ISA Interchange

Welcome to the official blog of the International Society of Automation (ISA).

This blog covers numerous topics on industrial automation such as operations & management, continuous & batch processing, connectivity, manufacturing & machine control, and Industry 4.0.

The material and information contained on this website is for general information purposes only. ISA blog posts may be authored by ISA staff and guest authors from the automation community. Views and opinions expressed by a guest author are solely their own, and do not necessarily represent those of ISA. Posts made by guest authors have been subject to peer review.

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Spotlight on STEM Diversity and Inclusion Work: The National Girls Collaborative Project

Industries that don't prioritize diversity and inclusion are at a distinct disadvantage. Diversity in any group makes it stronger and more resilient. Not only is it the right thing to do, encouraging greater diversity in the workforce promotes better innovation, better decision-making, lower turnover, and faster problem-solving.

Science, technology, engineering, and math (STEM) fields are chronically lacking in diversity, but individuals and organizations are working for equal representation in STEM all over the world. We wanted to highlight a few of them paving the way for better inclusion. This series of interviews features individuals and organizations working to bring underrepresented groups into STEM fields, and to build and sustain supportive environments that don't push people out. 


The National Girls Collaborative Project (NGCP) brings together organizations that are committed to informing and encouraging girls to pursue STEM careers. Its goals include maximizing access to resources for projects that span organizations, strengthening projects by serving as a resource for best practices and research, and using the power of networking across programs to create the tipping point for gender equity in STEM.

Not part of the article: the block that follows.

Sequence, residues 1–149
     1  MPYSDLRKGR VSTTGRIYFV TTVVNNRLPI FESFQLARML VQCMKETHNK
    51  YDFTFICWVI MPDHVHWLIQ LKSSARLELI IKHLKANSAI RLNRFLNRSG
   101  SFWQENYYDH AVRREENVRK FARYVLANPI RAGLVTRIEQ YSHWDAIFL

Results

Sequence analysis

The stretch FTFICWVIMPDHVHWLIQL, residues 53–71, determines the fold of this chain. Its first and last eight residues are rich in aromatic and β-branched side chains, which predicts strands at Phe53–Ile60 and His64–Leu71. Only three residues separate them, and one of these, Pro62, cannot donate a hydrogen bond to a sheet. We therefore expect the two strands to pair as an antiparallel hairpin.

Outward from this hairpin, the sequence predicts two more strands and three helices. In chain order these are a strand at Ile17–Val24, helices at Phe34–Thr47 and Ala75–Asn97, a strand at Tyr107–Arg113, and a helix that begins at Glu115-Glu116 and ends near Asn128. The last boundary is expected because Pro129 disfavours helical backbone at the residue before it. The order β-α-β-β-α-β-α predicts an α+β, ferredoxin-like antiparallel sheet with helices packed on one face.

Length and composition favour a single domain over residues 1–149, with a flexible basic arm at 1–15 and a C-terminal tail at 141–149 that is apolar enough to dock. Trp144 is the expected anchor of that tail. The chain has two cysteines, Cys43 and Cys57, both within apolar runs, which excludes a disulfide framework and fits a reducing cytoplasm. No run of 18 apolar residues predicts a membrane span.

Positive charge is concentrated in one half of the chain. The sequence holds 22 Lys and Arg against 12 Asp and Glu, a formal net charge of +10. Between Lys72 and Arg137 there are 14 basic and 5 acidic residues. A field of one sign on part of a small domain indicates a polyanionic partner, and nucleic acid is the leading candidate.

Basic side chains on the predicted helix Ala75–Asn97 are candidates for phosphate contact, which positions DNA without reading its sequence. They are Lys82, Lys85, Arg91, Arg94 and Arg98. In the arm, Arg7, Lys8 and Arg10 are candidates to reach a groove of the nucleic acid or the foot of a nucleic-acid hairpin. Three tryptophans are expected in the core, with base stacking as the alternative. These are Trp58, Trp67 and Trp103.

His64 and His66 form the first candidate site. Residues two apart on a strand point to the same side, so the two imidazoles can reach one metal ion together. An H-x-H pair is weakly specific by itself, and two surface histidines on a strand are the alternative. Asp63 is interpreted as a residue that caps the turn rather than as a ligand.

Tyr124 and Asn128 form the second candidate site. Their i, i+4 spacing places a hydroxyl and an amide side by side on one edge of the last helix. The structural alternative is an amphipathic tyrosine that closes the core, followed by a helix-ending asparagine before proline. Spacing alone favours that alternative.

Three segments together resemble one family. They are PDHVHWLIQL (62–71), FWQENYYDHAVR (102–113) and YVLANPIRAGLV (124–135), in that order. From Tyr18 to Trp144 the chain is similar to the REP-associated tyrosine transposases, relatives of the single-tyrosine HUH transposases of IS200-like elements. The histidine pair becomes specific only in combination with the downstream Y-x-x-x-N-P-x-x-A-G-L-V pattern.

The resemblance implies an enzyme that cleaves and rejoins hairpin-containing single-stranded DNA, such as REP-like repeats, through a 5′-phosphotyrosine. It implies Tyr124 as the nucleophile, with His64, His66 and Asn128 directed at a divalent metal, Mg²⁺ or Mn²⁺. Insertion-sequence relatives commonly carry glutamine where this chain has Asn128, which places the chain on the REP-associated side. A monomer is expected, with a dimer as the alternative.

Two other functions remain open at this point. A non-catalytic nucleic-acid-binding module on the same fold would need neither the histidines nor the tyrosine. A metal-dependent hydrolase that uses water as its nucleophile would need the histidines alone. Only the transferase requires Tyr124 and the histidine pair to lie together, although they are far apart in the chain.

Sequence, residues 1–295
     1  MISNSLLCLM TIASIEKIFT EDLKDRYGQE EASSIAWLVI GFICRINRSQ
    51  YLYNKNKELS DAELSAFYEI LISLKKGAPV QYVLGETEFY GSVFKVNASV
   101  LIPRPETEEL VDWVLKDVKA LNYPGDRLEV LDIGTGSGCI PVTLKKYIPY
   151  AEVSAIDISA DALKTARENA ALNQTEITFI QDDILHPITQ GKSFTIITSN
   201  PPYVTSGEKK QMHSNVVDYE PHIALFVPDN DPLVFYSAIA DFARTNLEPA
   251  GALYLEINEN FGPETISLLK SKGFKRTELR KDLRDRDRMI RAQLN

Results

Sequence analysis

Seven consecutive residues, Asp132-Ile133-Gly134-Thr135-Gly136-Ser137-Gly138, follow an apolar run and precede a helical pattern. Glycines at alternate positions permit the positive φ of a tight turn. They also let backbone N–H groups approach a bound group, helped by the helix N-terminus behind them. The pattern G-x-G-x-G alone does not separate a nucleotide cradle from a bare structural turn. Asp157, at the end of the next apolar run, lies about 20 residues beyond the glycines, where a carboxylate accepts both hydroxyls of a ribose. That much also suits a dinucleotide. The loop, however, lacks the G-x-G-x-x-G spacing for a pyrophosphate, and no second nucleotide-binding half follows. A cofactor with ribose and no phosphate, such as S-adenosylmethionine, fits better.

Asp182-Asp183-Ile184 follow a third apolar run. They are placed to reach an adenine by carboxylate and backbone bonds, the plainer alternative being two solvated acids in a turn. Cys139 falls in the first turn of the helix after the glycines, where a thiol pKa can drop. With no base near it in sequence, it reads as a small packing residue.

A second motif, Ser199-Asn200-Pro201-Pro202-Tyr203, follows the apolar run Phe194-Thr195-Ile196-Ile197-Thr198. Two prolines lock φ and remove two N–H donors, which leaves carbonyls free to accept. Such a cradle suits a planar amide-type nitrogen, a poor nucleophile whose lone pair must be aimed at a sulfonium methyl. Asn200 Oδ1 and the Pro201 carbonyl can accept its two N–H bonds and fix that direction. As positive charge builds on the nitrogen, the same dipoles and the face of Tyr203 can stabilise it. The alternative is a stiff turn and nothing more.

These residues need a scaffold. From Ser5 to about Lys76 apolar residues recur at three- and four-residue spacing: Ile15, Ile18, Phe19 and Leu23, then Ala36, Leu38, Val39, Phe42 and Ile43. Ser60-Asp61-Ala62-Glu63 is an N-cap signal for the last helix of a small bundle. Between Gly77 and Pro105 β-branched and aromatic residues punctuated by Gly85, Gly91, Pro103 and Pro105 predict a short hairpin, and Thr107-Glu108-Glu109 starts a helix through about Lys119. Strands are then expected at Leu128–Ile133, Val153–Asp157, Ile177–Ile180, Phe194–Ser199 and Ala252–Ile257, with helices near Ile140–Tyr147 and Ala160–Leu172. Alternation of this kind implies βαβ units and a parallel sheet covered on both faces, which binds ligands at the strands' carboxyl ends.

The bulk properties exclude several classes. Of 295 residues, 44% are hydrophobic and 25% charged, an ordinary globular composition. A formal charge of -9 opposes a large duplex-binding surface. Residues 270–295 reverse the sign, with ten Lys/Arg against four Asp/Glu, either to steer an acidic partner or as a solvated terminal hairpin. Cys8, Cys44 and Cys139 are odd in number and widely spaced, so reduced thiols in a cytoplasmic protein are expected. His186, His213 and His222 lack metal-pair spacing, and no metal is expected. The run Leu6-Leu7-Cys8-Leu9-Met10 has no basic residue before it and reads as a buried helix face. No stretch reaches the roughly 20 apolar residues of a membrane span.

We asked the founder and CEO of NGCP, Karen Peterson, a few questions via email to learn more about NGCP and the work it does.

International Society of Automation: Why did you start the National Girls Collaborative Project? As you’ve watched it grow and change, what are you most proud of?

Karen Peterson: The NGCP began because we identified a need to create a community of girl-serving STEM programs and connect them to the champions in other community-based organizations, corporations, higher education, and professional organizations. We created a model in the Pacific Northwest, and as we presented our model, we received National Science Foundation funding to expand across the United States. Now, NGCP has a unique position as a convening organization bringing together a diversity of individuals, programs, and organizations interested in engaging girls in STEM to connect and collaborate. NGCP has a strong reputation as a key partner and is a preeminent resource and advocate for gender equity in STEM.